Despite the continuing violence in Israel and the West Bank, if Bush becomes president-elect on November 7, meaningful negotiations are likely to come to a screeching halt; the peace process will effectively be frozen for six months. (If Gore wins, there is a possibility things can still move forward before the transition, since he is part of the current administration.)
“The Arabs will think they can get a better deal from Bush,” says Cohen, “so they’ll wait. This means Bush will have to hit the ground running.”
Given his inexperience and his apparent reluctance to get elbow-deep in the muck of policy disputes, a victorious Bush will have to get somebody working on his behalf immediately. “There’s little question that what Bush does in the Middle East will be the result of who he talks to and who he surrounds himself with,” says Steven Spiegel of the Israel Policy Forum and UCLA.
“We surely know what one change will be in a Bush presidency,” says Marshall Breger, a law professor and former special assistant to President Reagan. “Clinton threw himself into the Israeli-Palestinian conflict heart and soul. He was a friend to both sides. We won’t have that with Bush. There’s not the same intensity of feeling and emotion about this.”
Which makes his appointments to key policy positions that much more important. The smart money says that Bush will name Colin Powell as his secretary of State and Condoleeza Rice as his national-security adviser. But throughout the campaign, his go-to guy on Israel has been Dov Zakheim, an Orthodox Jew and an arms expert who has a long history in Republican politics. Must be aggressively pro-Israel, right? Well … not exactly. It’s been said there’s never been an arms sale to Israel that Dov Zakheim has liked.
Bush also talks to conservative stalwarts Richard Perle, Paul Wolfowitz, and George Schultz. And it’s been said about Perle that there’s never been a peace deal good enough for him. All of which means that amid the disagreements and unpredictability of his advisers, the steady, guiding hand may well turn out to be Dick Cheney.
There is a perception that a Bush-Cheney administration would see Israel as a less significant strategic ally than has been the case in the past. After all, both men have strong oil-industry connections, and Cheney was a key player in Bush Sr.’s administration–back when James Baker and Brent Scowcroft clearly thought Israel was a burden.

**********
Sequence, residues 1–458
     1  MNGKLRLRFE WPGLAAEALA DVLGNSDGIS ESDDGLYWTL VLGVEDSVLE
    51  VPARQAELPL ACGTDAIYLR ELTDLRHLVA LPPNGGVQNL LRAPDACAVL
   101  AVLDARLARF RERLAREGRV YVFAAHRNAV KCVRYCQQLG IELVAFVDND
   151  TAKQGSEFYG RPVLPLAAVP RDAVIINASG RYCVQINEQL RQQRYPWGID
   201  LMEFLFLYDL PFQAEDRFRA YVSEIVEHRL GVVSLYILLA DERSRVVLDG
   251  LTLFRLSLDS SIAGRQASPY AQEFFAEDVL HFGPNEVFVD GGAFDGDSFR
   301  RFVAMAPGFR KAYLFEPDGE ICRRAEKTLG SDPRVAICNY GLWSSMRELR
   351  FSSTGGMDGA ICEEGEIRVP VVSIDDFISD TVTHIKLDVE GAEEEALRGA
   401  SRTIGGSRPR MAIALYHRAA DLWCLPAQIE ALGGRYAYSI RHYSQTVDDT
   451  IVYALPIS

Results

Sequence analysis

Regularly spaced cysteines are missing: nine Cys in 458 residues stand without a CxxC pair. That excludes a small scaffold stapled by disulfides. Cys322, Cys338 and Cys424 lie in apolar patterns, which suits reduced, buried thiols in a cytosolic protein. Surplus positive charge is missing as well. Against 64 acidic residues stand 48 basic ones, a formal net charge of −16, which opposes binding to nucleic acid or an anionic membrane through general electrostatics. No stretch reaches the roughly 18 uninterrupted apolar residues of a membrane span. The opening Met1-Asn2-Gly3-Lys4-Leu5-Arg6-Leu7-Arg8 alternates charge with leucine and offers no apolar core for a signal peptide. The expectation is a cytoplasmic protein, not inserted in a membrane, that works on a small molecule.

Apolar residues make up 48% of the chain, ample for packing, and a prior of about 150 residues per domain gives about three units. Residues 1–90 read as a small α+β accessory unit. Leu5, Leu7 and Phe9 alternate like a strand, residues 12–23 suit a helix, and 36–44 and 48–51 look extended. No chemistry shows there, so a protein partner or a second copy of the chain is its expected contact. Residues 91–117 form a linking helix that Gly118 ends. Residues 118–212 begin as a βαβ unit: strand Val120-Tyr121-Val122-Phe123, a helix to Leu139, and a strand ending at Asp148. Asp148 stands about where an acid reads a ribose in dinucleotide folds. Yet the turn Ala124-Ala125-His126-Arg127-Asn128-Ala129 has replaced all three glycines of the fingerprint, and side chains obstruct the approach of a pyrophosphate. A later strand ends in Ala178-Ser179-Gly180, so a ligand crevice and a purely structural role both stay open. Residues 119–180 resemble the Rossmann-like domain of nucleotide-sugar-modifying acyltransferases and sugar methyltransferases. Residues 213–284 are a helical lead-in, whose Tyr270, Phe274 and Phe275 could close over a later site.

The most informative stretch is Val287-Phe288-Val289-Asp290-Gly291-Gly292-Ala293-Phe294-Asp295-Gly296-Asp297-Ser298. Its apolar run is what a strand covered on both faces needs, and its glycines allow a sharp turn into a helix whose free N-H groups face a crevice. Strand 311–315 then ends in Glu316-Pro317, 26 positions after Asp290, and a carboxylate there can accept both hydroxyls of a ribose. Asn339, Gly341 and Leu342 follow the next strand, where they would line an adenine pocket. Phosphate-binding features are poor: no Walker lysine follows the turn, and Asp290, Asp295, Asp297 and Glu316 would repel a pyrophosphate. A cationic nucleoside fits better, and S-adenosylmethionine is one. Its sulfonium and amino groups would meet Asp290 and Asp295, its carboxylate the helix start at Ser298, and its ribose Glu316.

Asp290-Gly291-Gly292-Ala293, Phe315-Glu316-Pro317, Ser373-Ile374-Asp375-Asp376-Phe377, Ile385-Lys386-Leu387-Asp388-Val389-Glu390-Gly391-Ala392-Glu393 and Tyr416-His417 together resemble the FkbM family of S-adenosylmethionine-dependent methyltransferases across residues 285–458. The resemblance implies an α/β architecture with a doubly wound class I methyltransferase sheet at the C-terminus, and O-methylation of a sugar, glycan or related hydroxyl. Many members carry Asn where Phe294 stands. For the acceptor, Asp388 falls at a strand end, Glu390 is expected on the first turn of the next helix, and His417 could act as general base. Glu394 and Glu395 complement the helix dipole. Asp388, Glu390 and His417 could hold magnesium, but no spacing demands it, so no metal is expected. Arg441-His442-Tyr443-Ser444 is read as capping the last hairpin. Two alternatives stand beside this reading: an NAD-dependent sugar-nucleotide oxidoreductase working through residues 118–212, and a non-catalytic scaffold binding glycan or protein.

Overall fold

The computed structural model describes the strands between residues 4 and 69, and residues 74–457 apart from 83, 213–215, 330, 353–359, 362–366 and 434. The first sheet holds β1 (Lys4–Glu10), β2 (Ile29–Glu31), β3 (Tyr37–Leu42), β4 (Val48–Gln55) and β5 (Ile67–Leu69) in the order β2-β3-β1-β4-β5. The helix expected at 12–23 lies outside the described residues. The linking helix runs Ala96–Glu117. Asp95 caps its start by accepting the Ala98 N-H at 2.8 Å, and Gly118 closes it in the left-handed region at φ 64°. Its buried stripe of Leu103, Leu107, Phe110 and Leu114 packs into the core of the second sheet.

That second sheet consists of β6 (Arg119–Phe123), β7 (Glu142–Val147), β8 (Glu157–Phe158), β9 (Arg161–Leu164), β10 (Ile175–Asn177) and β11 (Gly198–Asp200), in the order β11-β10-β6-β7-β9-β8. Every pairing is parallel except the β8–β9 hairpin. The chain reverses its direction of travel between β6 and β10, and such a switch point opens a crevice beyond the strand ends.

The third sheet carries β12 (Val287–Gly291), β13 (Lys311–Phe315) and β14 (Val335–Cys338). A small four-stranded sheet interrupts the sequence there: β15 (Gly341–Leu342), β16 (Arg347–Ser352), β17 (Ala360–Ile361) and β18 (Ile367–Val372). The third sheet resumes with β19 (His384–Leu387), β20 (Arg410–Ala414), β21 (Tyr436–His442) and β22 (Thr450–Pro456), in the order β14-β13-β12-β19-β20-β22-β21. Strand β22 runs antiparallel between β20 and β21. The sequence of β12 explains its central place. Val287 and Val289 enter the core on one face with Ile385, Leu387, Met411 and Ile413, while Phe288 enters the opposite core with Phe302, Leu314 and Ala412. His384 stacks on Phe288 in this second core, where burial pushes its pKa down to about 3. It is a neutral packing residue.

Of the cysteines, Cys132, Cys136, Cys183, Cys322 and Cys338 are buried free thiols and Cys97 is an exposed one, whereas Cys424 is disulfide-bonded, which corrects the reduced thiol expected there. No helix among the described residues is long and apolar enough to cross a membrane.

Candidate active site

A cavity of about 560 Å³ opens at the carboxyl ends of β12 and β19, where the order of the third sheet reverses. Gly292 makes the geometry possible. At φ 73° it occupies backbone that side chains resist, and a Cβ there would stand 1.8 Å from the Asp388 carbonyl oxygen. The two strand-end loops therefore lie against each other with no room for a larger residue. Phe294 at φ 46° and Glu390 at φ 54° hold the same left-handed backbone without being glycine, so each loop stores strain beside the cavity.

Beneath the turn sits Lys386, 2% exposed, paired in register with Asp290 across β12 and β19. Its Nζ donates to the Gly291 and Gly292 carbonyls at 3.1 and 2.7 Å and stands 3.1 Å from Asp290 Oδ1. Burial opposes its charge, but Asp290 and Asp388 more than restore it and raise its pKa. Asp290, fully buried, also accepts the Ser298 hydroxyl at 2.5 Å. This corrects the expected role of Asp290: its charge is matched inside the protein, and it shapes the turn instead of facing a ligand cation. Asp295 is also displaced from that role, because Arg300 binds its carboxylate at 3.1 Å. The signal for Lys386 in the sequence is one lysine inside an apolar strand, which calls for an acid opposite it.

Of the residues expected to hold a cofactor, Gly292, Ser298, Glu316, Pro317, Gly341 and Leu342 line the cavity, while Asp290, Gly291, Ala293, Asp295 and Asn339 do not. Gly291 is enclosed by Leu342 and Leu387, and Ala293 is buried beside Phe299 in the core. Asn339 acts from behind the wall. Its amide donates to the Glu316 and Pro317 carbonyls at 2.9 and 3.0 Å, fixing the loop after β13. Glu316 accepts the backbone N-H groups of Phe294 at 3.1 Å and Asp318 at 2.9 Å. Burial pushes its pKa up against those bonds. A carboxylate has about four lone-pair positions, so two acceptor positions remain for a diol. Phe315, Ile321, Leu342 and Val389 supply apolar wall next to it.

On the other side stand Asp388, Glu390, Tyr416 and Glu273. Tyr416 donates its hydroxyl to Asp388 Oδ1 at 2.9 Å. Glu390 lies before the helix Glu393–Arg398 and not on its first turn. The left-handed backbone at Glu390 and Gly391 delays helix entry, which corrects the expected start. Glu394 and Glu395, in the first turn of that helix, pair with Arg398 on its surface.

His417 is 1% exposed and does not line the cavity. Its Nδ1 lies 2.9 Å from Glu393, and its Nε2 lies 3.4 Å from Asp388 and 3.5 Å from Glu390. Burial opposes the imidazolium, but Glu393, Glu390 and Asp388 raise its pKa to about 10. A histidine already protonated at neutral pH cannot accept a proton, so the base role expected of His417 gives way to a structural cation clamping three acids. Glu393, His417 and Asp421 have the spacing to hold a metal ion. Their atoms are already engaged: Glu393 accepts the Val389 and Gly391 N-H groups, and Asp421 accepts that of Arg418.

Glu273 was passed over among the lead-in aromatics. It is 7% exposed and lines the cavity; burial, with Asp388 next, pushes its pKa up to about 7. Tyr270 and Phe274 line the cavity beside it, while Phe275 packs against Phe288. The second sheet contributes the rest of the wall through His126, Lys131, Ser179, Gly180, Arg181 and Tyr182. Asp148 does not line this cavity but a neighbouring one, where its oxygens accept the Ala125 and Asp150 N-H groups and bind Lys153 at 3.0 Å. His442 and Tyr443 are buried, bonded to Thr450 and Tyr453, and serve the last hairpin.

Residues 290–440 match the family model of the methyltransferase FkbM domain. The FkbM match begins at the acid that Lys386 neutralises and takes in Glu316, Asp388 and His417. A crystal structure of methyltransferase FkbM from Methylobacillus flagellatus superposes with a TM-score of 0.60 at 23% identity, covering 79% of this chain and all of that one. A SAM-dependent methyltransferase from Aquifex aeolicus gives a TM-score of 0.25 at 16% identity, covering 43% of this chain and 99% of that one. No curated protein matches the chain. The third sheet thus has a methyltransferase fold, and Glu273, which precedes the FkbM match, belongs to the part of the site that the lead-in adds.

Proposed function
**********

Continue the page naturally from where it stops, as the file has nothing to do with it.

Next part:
“There’s no question that in a Bush administration, a lot of attention will be given to what’s said by the moderate Arab states,” says Spiegel. “And they tend to be cynical about the Arab-Israeli peace process. But Cheney is the big player here. He has the respect of both the Arabs and the Israelis. You could end up with a scenario in which the vice-president is the mediator.”
Cohen agrees, and goes one step further. “As unimportant as Cheney has been during the campaign, he’ll do a lot of the heavy lifting in a Bush government. His ear will be attuned to the moderate Arab states telling him they can’t afford the high risk of a prolonged low-intensity conflict between the Israelis and the Palestinians because it’s destabilizing in their countries. Now that the Arab summit is over, these leaders want high-level, high-intensity diplomacy and they will expect it, under Bush, to have an Arab-states twist.”
In any discussion of policy tilts, of warmer or colder relations with Israel, it’s important to remember one thing. Even as the landscape gets more difficult to navigate, American policy in the Middle East has, for three decades, generally been an island of bipartisanship. Each administration has accepted, in broad strokes, a land-for-peace strategy as a way to move forward. The differences are often largely tonal.
It is, in Daniel Pipes’s words, the difference between the words and the music. Between the sensibility and the actual policy. Jews will, by and large, embrace those people with whom they believe they have an emotional rapport, which means someone they feel has a deep understanding of their security concerns.
That’s why Bill Clinton could have America abstain rather than vote against a U.N. resolution condemning Israel, without a major outcry. “In the end,” says Pipes, “establishing that rapport is more important than any specific policy.”
Bush Sr. never really understood this. It remains to be seen whether his son has learned from his mistakes.